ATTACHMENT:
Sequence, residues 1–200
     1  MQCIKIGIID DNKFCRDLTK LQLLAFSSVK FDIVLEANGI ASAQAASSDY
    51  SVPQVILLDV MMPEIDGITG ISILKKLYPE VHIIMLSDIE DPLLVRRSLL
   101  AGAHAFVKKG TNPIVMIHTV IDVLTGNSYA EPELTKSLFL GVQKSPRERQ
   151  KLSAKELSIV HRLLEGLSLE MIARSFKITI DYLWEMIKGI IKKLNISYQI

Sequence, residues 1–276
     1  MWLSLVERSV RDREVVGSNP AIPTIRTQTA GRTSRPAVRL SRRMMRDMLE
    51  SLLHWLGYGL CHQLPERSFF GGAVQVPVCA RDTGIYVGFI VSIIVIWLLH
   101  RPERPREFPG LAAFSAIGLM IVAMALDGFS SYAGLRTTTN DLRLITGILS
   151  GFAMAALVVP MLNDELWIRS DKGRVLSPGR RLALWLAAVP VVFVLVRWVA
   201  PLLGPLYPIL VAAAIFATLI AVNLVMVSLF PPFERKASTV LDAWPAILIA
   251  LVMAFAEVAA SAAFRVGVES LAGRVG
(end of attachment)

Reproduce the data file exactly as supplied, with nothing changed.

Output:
Sequence, residues 1–200
     1  MQCIKIGIID DNKFCRDLTK LQLLAFSSVK FDIVLEANGI ASAQAASSDY
    51  SVPQVILLDV MMPEIDGITG ISILKKLYPE VHIIMLSDIE DPLLVRRSLL
   101  AGAHAFVKKG TNPIVMIHTV IDVLTGNSYA EPELTKSLFL GVQKSPRERQ
   151  KLSAKELSIV HRLLEGLSLE MIARSFKITI DYLWEMIKGI IKKLNISYQI

Sequence, residues 1–276
     1  MWLSLVERSV RDREVVGSNP AIPTIRTQTA GRTSRPAVRL SRRMMRDMLE
    51  SLLHWLGYGL CHQLPERSFF GGAVQVPVCA RDTGIYVGFI VSIIVIWLLH
   101  RPERPREFPG LAAFSAIGLM IVAMALDGFS SYAGLRTTTN DLRLITGILS
   151  GFAMAALVVP MLNDELWIRS DKGRVLSPGR RLALWLAAVP VVFVLVRWVA
   201  PLLGPLYPIL VAAAIFATLI AVNLVMVSLF PPFERKASTV LDAWPAILIA
   251  LVMAFAEVAA SAAFRVGVES LAGRVG